Which people with metastatic prostate cancer benefit most from upfront docetaxel?
New results from our first STOPCAP M1 individual participant data meta-analysis have been published in The Lancet Oncology and show that adding docetaxel to hormone therapy is more beneficial for some people with advanced prostate cancer than others.
Docetaxel was more effective for people who had metastases in organs including their liver or lungs, or at least 4 bone metastases (“high-volume” disease). Potentially, the benefit was even greater if they also had a large tumour in their prostate, with 55 out of 100 people who received docetaxel and hormone therapy alive after 5 years compared with 20 out of 100 who received hormone therapy only.
People who developed fewer than 4 bone metastases (“low-volume” disease) after being diagnosed with localised prostate cancer, did not benefit at all from docetaxel. At 5 years, 72 out of 100 were alive whether they received docetaxel or not. Such patients could be treated differently and spared the significant side effects of docetaxel.
These results can help inform decisions around the use of upfront docetaxel in people with metastatic, prostate cancer that is still responding to hormone therapy.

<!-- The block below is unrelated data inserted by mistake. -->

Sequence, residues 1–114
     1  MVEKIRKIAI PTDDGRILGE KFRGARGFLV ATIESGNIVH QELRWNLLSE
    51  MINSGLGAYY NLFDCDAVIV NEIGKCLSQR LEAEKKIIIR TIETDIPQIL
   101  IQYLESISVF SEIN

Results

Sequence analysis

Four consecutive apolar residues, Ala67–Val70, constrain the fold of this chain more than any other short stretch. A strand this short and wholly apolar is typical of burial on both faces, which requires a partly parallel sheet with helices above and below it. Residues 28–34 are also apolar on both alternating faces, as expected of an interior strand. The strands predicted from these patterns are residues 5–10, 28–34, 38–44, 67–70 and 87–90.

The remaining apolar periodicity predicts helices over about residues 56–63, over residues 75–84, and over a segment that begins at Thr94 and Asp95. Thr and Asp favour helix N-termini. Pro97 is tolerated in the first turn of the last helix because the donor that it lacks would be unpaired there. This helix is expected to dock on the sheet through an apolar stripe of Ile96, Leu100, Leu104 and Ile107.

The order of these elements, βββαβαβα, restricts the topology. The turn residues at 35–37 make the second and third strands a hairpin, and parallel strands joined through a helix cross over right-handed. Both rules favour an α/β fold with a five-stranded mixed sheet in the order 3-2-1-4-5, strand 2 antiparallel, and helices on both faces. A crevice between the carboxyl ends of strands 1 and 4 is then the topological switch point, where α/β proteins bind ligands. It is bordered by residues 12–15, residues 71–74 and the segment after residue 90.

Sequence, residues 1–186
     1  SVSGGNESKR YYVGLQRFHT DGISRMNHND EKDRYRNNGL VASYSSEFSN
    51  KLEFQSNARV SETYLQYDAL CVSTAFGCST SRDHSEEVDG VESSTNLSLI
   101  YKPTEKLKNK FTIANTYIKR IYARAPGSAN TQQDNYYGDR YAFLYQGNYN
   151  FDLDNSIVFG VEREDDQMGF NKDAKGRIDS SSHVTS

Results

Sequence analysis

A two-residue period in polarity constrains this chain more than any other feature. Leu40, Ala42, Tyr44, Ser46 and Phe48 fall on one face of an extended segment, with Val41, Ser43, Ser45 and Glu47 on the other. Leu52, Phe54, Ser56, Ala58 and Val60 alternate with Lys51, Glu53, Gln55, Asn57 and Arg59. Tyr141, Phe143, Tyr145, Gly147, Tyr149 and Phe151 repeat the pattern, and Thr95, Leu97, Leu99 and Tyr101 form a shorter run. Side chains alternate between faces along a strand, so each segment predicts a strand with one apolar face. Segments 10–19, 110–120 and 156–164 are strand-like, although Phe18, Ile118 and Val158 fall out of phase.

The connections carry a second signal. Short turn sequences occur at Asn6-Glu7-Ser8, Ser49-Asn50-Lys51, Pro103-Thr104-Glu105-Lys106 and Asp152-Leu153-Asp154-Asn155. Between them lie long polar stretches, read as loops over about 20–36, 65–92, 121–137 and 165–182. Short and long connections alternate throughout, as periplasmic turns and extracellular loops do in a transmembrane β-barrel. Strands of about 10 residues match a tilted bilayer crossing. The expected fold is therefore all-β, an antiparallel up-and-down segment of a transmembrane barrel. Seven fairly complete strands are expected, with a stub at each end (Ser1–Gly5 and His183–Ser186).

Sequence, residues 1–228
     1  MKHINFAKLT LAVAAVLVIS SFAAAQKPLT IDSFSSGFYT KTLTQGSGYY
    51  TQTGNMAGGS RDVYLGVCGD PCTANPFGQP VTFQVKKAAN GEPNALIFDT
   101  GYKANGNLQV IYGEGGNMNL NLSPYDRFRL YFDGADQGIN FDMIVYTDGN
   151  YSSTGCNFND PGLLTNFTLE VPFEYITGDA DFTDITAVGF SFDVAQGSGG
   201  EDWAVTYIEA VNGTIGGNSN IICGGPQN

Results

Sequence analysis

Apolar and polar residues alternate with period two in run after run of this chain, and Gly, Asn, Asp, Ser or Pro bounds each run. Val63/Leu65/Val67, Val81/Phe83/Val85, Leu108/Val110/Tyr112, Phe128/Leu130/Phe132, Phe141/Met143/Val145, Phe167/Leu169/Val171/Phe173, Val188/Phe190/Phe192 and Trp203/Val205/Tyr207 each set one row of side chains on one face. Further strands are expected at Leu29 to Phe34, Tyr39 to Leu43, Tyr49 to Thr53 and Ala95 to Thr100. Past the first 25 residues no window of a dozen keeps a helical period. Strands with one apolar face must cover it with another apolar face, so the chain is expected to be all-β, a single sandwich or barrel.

Dr Hayley Luxton, Research Impact Manager at Prostate Cancer UK, said: “We’re very excited about this research which shows how we can make existing treatments more personalised, and more effective. But what’s really important is that this now changes practice, and men with prostate cancer can start to benefit from these smarter ways of treating the disease. That’s why we fund research in the first place and it’s why we’re working with the government to make sure this is rolled out across the NHS.”
Previously, clinical trials had shown that adding docetaxel chemotherapy to hormone therapy can improve survival of people with advanced prostate cancer. However, there was uncertainty about who benefited most, and therefore how best to use it, especially given that other life-prolonging therapies are available.
To address this, the STOPCAP team included the three largest trials of docetaxel in a meta-analysis. These include data on 2261 people, 98% of all patients who had ever taken part in similar trials. Having individual participant data from so many participants allowed the us to look at who benefits from docetaxel in more detail and more reliably than previous studies.
Professor Jayne Tierney, who led the research at the MRC Clinical Trials Unit at University College London said, “I’m so grateful to our STOPCAP collaborators who ran these trials and the people who took part. By exploring their valuable data further, we have taken a big step towards more personalised treatment of men with advanced prostate cancer.”
The next step for the STOPCAP M1 team is to identify which people with metastatic prostate cancer should receive second-generation anti-androgens, docetaxel or both in addition to hormone therapy.
This multi-national research project was led by the MRCCTU at UCL on behalf of the STOPCAP M1 Collaboration, funded by the UKRI Medical Research Council and Prostate Cancer UK.